Juggling multiple tidbits of advice at conference for Women Entrepreneurship Week
Posted in: Events, Women Entrepreneurs
The third annual Women Entrepreneurship Week Conference on Oct. 19 offered inspiration and advice, plus a chance to learn how to juggle in the literal sense.
Mimi Feliciano, the founder of the Feliciano Center for Entrepreneurship at Montclair State, kicked off the conference by sharing lessons she learned from her experience as a competitive ballroom dancer. Feliciano, who runs FEM Real Estate, said dancing taught her how to let others lead, which led her to give more responsibility—and opportunities—to her staff.
The conference is one of the most high-profile events held during Women Entrepreneurship Week, when 40 organizations held events on every continent except Antarctica. WEW was launched at Montclair State in 2014, and grew into an international movement in 2016.
The “Taking Risks” panel, moderated by alumna and retired VP of Prudential Financial Michele Ansbacher, featured insights from entrepreneurs as well as corporate execs. These pieces of advice registered with attendees, who shared them on Twitter:
“Fail fast, and recover quickly,” Debbie Dyson, corporate VP of Client Experience at ADP. “Think big, be bold, speak up.”
“The more conviction you have, the more people will follow you,” Laura Overdeck, founder and president, Bedtime Math Foundation
“When you’re not fearful anymore, maybe it’s time to try something new,” Jessica Gaffney, founder and CEO of Wavework
“If not now, when? Go for it! There’s always going to be an obstacle,” Sunita Holzer, EVP and chief human resources officer at Realogy.
A panel of leaders from Women Presidents’ Organization, titled “Moving the Needle: WPO Members Share Tips for Success,” covered various aspects of entrepreneurship. Susan French, CEO of Social Media Link, told the audience to be tenacious. “When I believe in something, I fight for it,” she said. French also talked about how working in a relatively new industry can be a challenge but also offer freedom. She noted there is no road map for running a social media company. “We get to make the map, and make the road,” French said. Jayne Millard, CEO of Turtle & Hughes Inc., advised, “Never allow yourself to be intimidated by anyone, ever. Ever.” The panel also talked about the reality of owning a business, with 24 Seven Inc. President Celeste Gudas saying being an entrepreneur is 10 times more work than you expected. The panel also talked about entrepreneurs’ propensity to break the rules. Moderator Marsha Firestone, the founder and president of WPO, noted entrepreneurs aren’t necessarily the best students—they may rack up C grades—because they have a habit of breaking rules.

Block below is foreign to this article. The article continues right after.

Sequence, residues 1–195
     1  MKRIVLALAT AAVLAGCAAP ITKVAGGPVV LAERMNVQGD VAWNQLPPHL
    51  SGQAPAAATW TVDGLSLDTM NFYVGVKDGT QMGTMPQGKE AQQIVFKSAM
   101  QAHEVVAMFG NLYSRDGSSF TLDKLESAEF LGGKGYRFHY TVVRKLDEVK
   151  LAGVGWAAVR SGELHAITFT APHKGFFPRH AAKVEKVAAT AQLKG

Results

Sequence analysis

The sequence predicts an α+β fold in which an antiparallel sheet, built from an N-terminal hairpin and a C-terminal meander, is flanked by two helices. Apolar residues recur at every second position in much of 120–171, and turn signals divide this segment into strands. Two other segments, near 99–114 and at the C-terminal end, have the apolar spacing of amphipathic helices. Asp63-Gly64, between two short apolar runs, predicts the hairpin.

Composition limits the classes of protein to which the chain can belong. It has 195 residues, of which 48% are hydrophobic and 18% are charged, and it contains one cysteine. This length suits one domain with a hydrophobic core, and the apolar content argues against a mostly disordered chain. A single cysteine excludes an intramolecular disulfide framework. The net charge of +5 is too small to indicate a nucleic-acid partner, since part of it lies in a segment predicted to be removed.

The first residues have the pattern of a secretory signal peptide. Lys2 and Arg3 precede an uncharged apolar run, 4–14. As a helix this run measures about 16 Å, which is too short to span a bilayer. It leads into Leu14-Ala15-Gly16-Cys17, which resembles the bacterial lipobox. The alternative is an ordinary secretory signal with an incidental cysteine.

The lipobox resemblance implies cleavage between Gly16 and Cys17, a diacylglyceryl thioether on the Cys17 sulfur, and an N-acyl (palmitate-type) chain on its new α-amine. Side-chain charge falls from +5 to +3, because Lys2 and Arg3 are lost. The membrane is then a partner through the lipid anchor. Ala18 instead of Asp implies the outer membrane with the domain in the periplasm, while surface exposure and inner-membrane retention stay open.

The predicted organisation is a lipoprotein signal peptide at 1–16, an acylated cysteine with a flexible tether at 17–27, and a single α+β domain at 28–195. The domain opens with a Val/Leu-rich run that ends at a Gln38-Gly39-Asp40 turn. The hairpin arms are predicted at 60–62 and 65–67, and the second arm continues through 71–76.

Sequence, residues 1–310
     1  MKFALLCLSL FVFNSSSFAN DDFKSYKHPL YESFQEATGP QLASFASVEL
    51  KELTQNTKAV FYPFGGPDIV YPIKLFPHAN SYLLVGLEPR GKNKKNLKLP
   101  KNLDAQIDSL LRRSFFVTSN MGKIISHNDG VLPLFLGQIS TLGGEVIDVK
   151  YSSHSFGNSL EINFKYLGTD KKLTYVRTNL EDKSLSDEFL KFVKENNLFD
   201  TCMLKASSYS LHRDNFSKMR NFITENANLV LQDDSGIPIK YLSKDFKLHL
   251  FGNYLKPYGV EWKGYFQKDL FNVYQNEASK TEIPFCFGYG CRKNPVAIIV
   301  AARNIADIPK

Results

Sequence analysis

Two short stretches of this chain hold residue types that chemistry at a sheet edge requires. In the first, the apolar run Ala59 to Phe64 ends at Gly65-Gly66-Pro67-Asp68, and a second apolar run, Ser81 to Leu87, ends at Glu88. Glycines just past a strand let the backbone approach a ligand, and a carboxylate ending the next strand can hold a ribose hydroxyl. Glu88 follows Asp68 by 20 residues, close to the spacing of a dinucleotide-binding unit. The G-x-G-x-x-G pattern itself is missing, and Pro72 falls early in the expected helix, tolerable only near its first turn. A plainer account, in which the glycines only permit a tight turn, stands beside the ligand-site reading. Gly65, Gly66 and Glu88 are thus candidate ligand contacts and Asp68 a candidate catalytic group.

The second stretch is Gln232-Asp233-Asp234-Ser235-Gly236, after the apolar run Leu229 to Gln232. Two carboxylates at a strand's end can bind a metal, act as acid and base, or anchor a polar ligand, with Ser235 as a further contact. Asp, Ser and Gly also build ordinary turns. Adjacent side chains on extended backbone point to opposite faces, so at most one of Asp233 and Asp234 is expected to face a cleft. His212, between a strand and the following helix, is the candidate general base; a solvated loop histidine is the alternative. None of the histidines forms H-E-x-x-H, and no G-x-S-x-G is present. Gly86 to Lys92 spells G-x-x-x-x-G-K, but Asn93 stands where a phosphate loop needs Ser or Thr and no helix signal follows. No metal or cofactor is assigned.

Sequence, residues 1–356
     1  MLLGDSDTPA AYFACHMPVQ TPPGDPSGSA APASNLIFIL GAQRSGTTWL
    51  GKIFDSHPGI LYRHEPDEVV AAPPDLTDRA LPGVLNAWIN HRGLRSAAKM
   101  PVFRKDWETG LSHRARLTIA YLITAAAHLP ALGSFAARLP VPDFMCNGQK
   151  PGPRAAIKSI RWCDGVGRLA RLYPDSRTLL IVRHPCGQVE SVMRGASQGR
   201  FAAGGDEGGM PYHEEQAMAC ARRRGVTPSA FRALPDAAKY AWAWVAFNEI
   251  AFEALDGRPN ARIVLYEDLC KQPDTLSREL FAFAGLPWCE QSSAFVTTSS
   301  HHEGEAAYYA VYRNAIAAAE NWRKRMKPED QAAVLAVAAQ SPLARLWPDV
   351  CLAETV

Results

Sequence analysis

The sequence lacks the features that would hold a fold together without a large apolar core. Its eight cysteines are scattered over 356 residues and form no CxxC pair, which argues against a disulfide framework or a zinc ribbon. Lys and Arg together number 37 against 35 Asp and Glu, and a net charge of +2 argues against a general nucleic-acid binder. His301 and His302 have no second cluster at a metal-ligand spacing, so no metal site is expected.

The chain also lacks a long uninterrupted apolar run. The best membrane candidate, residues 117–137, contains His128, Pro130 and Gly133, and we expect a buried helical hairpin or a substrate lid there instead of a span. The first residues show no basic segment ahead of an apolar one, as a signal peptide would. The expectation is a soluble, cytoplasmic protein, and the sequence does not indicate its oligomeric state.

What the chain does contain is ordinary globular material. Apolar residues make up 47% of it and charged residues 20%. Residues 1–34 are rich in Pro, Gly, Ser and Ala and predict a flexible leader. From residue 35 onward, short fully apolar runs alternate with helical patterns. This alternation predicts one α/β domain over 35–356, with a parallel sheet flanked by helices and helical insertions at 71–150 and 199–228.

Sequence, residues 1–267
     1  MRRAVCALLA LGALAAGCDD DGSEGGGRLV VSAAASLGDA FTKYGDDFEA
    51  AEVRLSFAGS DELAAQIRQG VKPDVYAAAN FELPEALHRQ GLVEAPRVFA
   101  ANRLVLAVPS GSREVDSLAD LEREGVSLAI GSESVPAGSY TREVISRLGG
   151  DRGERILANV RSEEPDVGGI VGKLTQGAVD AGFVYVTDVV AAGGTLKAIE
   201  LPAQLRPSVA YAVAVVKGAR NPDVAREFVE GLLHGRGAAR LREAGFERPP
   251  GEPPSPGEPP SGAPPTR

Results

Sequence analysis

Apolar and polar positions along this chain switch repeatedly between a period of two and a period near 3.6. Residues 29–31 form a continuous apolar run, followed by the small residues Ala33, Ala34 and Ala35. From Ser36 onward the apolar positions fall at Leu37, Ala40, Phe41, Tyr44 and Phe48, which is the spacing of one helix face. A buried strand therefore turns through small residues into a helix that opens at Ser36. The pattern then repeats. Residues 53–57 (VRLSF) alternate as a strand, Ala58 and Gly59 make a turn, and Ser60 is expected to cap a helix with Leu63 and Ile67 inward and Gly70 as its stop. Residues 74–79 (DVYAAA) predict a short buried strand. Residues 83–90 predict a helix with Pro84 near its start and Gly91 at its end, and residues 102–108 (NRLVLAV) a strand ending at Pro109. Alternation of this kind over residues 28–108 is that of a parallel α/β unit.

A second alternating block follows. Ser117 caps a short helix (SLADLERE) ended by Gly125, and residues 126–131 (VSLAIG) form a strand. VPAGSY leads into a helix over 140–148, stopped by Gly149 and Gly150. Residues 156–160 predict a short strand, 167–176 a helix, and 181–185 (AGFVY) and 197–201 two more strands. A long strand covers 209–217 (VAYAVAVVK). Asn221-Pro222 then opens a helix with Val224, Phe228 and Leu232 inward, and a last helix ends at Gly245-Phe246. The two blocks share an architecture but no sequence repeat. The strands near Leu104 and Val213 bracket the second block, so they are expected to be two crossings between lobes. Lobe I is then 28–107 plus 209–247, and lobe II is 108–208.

NJBIZ story on the WEW conference
Lt. Gov. Kim Guadagno talked about lessons she’s learned by breaking barriers as New Jersey’s first lieutenant governor and, previously, as sheriff of Monmouth County. A promoter of business all over New Jersey, Guadagno also advocates for more women at top levels of management. She noted there are more men named John running large companies than women of any name at the top of large companies. Guadagno told attendees to be the best educated and most prepared person in the room. She concluded: “The women are the problem-solvers, so let’s get to work.”
The conference culminated with an interactive presentation by Jen Slaw, a performer, speaker and juggler. In her speech, “Women: The Master Jugglers! How to Build a Fulfilling and Balanced Life,” Slaw used juggling to make metaphors about juggling professional and personal life. For example, one piece of advice is “learn from the drops,” or mistakes. Slaw had each attendee balance a peacock feather on the palm of the hand to make the point about maintaining equilibrium, literally and figuratively. The highlight was when Slaw taught the audience how to juggle, with attendees teaming up to toss multi-colored balls between them. There were laughs, some shrieks, and a lot of bending over to pick up dropped balls as scores of attendees attempted to juggle. The attendees, more than 90 percent of whom were women, may have learned from the drops that figurative juggling may be easier than actual juggling. Video clip of audience trying to juggle.